Continuous U.S. population growth is outrunning our political will - and financial means - to keep up.
Alexandria, VA (PRWEB) February 11, 2015
In response to President Obama’s January 20th State of the Union address, Negative Population Growth (NPG) has released a new Forum paper today. Senior NPG Advisor David Simcox, who authored the upcoming paper, asserts: “not surprisingly, the pursuit of economic growth was the holy grail” of the speech. The paper highlights the costs of such growth, identifying a number of the President’s boasted plans and achievements as “setbacks on the road to a sustainable future.”
Titled "State of the Union Address: Touting More Growth with More People," the NPG Forum paper counters many of the President’s proposals to further expand America’s immigration numbers – and those that would increase U.S. population. Simcox notes: “The President foresaw rich economic returns” in his plan, which would “grant permanent legal status and ultimately green cards to some 11 million unlawful residents, while doubling the annual intake of new legal immigrants.” However, Simcox warns: “There has been virtually no expression of concern during the debate in the Senate, in the Executive branch, or in the President’s speech over this prospective surge of imported population growth and its subsequent demographic echoes.”
Citing a 2012 Census Bureau report, Simcox notes: “Unexplained here is how vast expansion of America’s intake of disadvantaged populations will increase per capita incomes, create more full-time and high-quality jobs, or suddenly change the present revenue deficit to a surplus.” Confronting the President’s push for jobs, the NPG Forum paper asks a critical question: “If the need for job creation and relief to the unemployed is so critical, shouldn’t Washington first consider immigration reduction and greater selectivity instead of further expansion?” Simcox’s report also counters the President’s call for improvements to U.S. infrastructure. He notes: “Continuous U.S. population growth now is outrunning our political will – and financial means – to keep up with the country’s infrastructure needs.”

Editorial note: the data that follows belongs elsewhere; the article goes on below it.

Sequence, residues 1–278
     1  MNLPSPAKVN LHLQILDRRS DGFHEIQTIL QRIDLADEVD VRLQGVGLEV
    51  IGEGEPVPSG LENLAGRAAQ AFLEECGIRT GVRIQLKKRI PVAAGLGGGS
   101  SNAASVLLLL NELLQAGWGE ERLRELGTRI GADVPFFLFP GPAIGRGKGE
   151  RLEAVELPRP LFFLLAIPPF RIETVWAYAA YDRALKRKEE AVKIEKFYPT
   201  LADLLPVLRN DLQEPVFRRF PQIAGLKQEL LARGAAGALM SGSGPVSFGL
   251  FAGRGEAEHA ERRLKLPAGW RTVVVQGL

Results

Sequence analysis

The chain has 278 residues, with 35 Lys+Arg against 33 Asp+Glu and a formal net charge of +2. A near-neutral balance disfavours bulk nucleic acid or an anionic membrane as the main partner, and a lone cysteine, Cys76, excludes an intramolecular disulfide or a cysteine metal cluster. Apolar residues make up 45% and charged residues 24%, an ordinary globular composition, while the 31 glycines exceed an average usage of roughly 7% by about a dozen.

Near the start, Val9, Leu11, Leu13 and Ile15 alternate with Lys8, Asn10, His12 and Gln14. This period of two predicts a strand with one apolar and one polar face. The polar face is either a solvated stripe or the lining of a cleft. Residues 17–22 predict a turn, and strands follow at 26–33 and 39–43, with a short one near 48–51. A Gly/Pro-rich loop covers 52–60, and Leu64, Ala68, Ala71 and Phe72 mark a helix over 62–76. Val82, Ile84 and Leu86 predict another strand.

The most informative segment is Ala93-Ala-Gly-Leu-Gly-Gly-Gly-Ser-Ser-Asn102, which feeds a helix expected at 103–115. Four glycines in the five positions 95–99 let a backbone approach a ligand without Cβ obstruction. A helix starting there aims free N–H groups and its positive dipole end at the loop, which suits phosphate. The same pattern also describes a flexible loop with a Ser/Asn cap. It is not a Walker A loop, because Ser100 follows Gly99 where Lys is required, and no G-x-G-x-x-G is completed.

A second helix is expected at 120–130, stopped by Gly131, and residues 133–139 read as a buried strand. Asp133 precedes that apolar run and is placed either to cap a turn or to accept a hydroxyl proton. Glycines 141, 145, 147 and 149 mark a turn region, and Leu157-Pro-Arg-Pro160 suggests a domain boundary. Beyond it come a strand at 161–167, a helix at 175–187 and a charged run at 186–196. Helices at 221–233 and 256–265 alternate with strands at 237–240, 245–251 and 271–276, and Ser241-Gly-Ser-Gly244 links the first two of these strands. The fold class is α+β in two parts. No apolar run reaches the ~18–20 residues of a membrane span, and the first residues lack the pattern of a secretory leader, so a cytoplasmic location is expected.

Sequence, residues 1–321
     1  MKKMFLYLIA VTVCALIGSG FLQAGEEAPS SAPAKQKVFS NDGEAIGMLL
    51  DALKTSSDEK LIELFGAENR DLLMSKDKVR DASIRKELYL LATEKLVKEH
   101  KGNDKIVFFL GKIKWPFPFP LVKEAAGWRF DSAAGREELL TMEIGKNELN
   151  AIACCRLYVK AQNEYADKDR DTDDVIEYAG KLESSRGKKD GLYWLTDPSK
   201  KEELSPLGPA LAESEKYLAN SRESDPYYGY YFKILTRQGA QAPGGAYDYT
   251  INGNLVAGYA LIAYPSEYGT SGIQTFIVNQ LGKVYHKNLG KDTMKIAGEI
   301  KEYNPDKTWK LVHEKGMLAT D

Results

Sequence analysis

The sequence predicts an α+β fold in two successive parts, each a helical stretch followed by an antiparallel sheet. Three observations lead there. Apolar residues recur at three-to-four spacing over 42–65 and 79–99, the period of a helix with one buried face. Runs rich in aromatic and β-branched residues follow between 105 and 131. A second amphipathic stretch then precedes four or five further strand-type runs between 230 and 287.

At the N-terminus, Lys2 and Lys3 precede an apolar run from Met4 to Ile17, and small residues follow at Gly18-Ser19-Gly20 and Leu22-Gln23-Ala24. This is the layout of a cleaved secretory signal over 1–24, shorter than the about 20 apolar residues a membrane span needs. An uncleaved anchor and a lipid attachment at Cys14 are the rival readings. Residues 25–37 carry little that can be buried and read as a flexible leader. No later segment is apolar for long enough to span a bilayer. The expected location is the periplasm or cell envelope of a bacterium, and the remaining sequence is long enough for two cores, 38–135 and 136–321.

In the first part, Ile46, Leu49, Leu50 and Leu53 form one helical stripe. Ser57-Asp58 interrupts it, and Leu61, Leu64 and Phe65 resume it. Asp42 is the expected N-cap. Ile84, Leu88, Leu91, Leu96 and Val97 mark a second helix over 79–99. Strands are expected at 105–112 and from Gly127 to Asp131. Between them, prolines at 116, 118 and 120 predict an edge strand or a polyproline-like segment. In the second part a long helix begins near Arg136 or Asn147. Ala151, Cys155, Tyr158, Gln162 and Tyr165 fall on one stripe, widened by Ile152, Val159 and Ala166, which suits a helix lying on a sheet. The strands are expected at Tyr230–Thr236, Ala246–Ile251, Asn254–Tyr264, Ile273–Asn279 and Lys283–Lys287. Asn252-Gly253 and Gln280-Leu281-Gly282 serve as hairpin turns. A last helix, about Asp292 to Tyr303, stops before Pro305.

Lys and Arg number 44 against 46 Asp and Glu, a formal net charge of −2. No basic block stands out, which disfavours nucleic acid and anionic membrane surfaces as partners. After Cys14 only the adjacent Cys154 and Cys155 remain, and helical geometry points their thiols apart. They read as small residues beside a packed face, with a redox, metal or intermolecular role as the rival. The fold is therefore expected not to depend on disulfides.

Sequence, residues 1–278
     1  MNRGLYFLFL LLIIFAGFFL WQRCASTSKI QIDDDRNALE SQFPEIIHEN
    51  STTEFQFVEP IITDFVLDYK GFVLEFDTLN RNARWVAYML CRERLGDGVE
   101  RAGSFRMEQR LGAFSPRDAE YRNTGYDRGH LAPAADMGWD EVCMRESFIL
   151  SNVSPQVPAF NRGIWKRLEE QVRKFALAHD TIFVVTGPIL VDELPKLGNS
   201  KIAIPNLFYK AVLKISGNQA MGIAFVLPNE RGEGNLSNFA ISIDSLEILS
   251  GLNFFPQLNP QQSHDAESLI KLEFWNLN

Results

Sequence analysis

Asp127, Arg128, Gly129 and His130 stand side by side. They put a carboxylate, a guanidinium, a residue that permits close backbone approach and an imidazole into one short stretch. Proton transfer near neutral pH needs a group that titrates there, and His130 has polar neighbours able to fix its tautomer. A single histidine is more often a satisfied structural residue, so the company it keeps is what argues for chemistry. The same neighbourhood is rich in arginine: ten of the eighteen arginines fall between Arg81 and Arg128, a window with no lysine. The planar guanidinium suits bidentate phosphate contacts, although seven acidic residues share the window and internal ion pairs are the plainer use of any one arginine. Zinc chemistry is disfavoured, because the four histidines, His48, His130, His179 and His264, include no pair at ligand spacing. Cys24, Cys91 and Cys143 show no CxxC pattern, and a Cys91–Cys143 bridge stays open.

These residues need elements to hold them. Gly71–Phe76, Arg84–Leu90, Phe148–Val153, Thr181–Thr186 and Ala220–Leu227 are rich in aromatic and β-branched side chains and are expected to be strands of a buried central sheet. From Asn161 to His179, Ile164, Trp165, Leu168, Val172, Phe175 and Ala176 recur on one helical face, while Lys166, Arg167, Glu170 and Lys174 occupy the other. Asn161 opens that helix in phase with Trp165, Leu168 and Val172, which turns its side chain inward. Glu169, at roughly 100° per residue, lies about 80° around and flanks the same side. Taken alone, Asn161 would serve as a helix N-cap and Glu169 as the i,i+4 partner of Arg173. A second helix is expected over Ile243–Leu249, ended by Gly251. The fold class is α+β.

Simcox adds: “Ours is a huge and complex government: White House speech writers have to pick and choose from myriad issues for optimal political impact. There is a tendency to avoid intractable problems – or those that might require serious sacrifice or jarring lifestyle changes. Even so, the President’s ghost writers missed a real opportunity to educate and mobilize the public on some major troublesome trends and events – all of which stem from population growth, or are aggravated by it.” Explaining how population growth is at the root of many of America’s greatest problems, Simcox goes on to suggest some of the issues that should be addressed in future States of the Union: affordable housing, drought and water shortages, and the loss of open space and farmland.
The paper concludes: “What is needed is a State of the Union message devoted to rising population and environment ills. The President giving this much-needed report should create a national population commission – with the goal of setting a national policy of population limits, and measures to make them work against the likely storm of myriad pro-populationist interests. If researchers are correct in their projections for U.S. population growth and resource depletion, the resulting crowding and environmental decay may soon make such a modern-day paradigm shift seem more necessary – and appealing – to the American public and policymakers.”
Founded in 1972, NPG is a national nonprofit membership organization dedicated to educating the American public and political leaders regarding the damaging effects of population growth. We believe that our nation is already vastly overpopulated in terms of the long-range carrying capacity of its resources and environment. NPG advocates the adoption of its 10 Principles for a Responsible U.S. Population Policy, with the goal of eventually stabilizing U.S. population at a sustainable level – far lower than today’s. We do not simply identify the problems – we propose solutions. For more information, visit our website at http://www.NPG.org.